The individual elements that make up ‘Ghost in the Shell’ are nothing new, but the way the film mashes those elements together serves to create something truly distinctive. The film has a cyber punk aesthetic, basically looking like Ridley Scott’s ‘Blade Runner’ on crack; with a skyline constantly aglow with bright, three dimensional digital billboards and grungy streets filled to the brim with futuristic cars that look like they were designed in the 1980’s. Despite the futuristic setting, there are gothic undertones and elements of body horror at play as well; there are many instances of the Major getting damaged and repaired while her human mind struggles to process the traumas her cybernetic body is experiencing. All the while the narrative thrust of the film is reminiscent of a noir detective story as the Major and Batou investigate Kuze. As with all great noir, the themes are larger than they appear; here having to do with issues of identity and what really makes us human.
As I touched on before, Johansson really is fantastic in the role. Her take on the Major is intense, and she’s legitimately intimidating when placed up against the film’s cast of rogues. Even though she’s as formidable an action star as her male contemporaries, she also does an excellent job of getting the Major’s doubt and paranoia across. It’s a soulful performance, the likes of which I haven’t seen in an action film since Matt Damon’s initial turn as Jason Bourne in 2002’s ‘The Bourne Identity’.
Her co-stars are no slouches either. I’d never seen Pilou Asbaek in anything before this film, but now I can’t wait to see what he does next. His Batou is a charming and open character: the perfect foil for Johansson’s reserved Major.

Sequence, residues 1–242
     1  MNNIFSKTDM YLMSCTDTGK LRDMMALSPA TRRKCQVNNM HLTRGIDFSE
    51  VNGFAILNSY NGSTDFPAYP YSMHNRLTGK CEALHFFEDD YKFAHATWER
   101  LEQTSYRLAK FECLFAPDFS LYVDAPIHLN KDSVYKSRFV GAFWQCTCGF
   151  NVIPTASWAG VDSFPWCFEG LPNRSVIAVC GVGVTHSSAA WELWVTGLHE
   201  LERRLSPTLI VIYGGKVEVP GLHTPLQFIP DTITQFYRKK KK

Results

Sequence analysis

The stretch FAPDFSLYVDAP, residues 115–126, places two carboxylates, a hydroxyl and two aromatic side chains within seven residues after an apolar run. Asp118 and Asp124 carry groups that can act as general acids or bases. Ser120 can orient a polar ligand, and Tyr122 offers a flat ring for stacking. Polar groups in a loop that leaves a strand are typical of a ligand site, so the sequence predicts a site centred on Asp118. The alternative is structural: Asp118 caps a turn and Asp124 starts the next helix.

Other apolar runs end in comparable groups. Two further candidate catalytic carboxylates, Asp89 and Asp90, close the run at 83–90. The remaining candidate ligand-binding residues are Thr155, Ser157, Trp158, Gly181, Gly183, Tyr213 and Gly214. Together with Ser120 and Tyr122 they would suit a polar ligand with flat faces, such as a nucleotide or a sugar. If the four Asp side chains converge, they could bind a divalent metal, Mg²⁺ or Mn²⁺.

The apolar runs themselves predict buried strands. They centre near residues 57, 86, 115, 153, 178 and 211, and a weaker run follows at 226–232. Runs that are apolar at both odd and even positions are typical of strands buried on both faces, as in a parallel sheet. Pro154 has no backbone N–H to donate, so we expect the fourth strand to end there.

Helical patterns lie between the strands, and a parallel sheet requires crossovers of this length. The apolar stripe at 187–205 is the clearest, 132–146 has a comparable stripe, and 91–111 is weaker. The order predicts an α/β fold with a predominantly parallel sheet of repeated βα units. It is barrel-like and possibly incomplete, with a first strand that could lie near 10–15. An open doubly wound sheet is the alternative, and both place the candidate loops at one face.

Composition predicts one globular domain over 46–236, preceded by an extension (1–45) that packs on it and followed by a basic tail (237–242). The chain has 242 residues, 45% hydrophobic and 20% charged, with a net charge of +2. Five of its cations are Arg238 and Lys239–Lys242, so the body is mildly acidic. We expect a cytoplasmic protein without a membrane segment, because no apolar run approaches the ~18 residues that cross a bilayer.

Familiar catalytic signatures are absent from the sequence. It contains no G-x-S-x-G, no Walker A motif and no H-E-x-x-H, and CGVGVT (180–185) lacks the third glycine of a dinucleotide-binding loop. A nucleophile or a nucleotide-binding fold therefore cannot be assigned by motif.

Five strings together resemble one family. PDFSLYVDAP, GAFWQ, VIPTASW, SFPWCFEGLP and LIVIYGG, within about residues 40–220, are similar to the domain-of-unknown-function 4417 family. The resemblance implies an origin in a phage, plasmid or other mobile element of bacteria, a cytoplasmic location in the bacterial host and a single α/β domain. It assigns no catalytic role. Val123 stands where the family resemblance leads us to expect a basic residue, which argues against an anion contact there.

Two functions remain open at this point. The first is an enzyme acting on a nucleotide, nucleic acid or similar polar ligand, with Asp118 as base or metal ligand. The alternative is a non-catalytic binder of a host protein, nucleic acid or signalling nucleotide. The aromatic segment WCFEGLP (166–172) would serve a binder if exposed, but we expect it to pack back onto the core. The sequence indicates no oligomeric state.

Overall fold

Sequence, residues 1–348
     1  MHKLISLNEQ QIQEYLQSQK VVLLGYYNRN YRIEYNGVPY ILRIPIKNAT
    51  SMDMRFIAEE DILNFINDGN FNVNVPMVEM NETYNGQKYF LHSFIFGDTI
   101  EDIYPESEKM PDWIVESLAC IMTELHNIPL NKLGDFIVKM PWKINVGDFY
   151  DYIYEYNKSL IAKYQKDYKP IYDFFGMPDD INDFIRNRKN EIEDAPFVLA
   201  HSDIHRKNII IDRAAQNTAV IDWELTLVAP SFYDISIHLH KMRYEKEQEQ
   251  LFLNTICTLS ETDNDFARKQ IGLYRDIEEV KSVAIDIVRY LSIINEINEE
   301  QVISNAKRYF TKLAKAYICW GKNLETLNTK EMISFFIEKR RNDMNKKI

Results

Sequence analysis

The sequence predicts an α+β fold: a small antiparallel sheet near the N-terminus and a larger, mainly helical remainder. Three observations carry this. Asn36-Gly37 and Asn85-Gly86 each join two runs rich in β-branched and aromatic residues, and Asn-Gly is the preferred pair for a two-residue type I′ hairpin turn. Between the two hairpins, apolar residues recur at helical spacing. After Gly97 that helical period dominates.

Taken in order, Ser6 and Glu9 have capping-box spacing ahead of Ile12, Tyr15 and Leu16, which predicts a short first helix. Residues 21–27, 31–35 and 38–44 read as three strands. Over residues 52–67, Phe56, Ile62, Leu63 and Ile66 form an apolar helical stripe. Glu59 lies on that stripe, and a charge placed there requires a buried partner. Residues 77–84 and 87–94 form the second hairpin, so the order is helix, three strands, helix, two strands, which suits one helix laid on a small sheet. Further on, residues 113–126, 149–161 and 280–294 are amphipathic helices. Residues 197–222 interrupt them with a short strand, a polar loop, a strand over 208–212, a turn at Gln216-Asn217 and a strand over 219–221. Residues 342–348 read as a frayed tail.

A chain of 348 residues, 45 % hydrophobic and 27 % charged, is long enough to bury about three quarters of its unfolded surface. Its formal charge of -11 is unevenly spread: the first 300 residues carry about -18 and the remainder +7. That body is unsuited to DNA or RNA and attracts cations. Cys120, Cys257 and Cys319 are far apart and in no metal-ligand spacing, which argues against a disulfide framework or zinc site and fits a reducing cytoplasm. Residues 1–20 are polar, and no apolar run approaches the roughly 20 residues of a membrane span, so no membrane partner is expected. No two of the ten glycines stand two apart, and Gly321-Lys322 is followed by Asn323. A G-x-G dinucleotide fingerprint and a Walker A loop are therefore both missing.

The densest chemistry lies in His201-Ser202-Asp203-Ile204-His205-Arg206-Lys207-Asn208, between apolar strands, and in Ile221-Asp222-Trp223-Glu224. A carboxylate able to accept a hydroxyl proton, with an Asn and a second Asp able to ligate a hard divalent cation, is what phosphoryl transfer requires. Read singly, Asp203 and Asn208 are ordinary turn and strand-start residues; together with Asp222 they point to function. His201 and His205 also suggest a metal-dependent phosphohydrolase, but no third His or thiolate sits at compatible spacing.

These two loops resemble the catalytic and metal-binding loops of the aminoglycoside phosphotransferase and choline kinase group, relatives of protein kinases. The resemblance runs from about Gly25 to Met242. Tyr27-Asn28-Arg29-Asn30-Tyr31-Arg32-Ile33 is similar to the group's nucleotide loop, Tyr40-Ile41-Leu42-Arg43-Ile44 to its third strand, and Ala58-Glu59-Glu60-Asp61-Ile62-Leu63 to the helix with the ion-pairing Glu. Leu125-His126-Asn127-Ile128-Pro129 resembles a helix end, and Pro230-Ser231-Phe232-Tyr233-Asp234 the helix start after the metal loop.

Takeshi Kitano portrays commander Aramaki, and he threatens to steal the show on more than one occasion. Though he’s still and silent for much of the film, he always makes his presence known. When he finally does take action, he supplies the rather dour proceedings with a couple of much needed crowd pleasing moments.
Helping to supply said dour tone is composer Clint Mansell and Lorne Balfe’s haunting techno influenced score. I’m only marginally familiar with the anime that served as the basis for the film, but from what I could glean it sounds like the composers utilized bits of the original film’s score to realize their own. The result is rather stunning, and does a lot of heavy lifting to place the audience within the film’s setting and mood. Not that the film needs the score to do that.
Director Rupert Sanders and his team of costume and set designers deliver Oscar worthy work in bringing ‘Ghost in the Shell’s’ world to life. The filmmakers reliance on practical effects serves the film well, providing an authenticity we wouldn’t have gotten otherwise. The costumes and makeup effects are breathtaking and all serve to make the world feel like a living and breathing place.
On top of its masterful visual flair and use of tone, ‘Ghost in the Shell’ also manages to deliver some truly thrilling action sequences. While the bouts of mayhem may seem a little too few and far between for action junkies, what we do get is as visually interesting as the rest of the film. A climactic battle between the Major and what’s known in the film as a “Spider Tank” is particularly memorable.
Though the controversy surrounding the film is unfortunate, ‘Ghost in the Shell’, when viewed objectively, is a great film. It’s higher minded than most action movies, and visually it’s nothing less than a masterpiece. As I stated before, I’m not very familiar with the source material, and as someone who usually has a hard time with anime (an understatement really), purists and fans of the original should take my opinion with a grain of salt. With that said, from my plebeian point of view, the film stands as a visionary work of art. My only hope is that the film will do well enough overseas to encourage more live action adaptations of anime properties. It’s the only way I’ll ever be able to engage with the material.
RATING: 4.5 OUT OF 5